afternoon which may result in some graupel forming in the stronger
showers. Will not see much of an improvement in temperatures
Thursday with highs only in the mid/upper 40s. Zonal flow in the mid
level will bring a Flat Ridge and warmer air into the area Friday
resulting in highs back in the mid 50s. The next wave will dive from
the northern plains through the northern Great Lakes Friday night.
Looks dry on the south side of the system over lower Michigan but a cold
front sweeping across the area late Friday night into Saturday
morning will need a chance pop.
Low pressure centered over Upper Michigan on Friday afternoon will
continue to track to the east east through the weekend. Weak chances
for precipitation are possible during the day on Saturday,
especially over the northern thumb areas. High pressure returns for
Sunday/Monday. At this time, models are showing a stronger weather
system that will begin moving into Southeast Michigan on the late
Low pressure will track from northern Illinois to extreme southern
Ontario by Thursday morning. Easterly winds will continue to
strengthen this evening and overnight as the low approaches. Speeds
will decrease after about 5 am over Lake St Clair and Western Lake
Erie as the low passes overhead, while remaining strong and turning
more to the northeast over Lake Huron. Gusts this evening through
Thursday look to remain under gale force with peak winds around 30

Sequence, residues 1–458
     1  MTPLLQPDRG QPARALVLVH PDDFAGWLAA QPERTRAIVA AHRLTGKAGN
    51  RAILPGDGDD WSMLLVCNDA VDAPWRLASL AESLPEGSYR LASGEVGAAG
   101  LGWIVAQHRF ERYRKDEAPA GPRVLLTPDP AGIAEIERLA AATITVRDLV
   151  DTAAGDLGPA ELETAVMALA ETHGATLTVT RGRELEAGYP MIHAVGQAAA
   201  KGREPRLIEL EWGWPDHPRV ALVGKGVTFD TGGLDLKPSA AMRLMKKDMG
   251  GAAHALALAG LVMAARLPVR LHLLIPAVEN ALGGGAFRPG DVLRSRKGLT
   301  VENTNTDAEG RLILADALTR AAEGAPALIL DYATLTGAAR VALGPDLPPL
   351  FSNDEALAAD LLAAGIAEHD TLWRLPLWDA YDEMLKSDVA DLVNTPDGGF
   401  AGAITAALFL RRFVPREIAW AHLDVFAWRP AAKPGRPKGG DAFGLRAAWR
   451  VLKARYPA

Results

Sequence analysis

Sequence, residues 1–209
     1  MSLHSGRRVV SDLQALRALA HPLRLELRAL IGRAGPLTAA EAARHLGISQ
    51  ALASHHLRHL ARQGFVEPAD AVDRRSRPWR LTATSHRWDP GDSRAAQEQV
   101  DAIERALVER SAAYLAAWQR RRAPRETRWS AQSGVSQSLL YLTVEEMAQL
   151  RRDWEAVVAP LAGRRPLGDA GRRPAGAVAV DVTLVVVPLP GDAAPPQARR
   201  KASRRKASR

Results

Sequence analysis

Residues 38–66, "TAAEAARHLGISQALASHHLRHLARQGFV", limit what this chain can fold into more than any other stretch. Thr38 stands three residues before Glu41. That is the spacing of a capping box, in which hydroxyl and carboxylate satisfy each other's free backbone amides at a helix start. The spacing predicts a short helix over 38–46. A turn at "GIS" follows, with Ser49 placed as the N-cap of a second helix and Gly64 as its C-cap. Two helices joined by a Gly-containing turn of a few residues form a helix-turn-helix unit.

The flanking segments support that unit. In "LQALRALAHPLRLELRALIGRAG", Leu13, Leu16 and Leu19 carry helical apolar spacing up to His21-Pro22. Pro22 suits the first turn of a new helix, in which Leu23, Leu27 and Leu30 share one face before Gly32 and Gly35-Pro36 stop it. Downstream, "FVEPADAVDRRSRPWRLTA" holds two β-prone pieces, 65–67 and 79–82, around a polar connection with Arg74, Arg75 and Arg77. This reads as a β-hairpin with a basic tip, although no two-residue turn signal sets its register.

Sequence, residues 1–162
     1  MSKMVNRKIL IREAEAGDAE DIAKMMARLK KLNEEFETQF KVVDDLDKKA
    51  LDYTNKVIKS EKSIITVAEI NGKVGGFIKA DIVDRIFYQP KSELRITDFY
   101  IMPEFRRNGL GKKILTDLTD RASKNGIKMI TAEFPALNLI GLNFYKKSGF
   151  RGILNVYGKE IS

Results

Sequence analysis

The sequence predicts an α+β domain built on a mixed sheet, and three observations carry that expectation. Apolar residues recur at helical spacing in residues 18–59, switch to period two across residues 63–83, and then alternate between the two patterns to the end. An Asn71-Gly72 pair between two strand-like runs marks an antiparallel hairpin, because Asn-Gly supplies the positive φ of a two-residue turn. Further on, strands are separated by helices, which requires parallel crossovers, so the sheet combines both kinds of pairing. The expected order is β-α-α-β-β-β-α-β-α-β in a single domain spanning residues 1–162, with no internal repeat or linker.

knots. The strong and persistent onshore flow will also generate
large waves over the nearshore waters, which will continue into
Thursday for Lake Huron. High pressure will slowly build into the
central Great Lakes late Thursday and Thursday night, allowing winds
and waves to decrease.
Numerous rain showers, at times mixed with sleet or snow, will
continue to spread into Southeast Michigan through the remainder of
the afternoon. Coverage and intensity will increase this evening and
overnight with widespread and steadier rainfall expected. Potential
for snow/sleet will also decrease this evening from south to north
as deeper moisture and higher dewpoints arrive. Rain will taper off
to showers tomorrow morning before ending tomorrow afternoon.
Rainfall totals are still expected to range between one-half and
three-quarters of an inch. Dry weather is expected Thursday night
and Friday, with just a small chance of light showers Friday night.
Lake Huron...Small Craft Advisory until 10 PM EDT Thursday for lhz421-422-
Lake St Clair...Small Craft Advisory until 4 am EDT Thursday for lcz460.
Michigan waters of Lake Erie...Small Craft Advisory until 4 am EDT Thursday for lez444.
You can obtain your latest National Weather Service forecasts online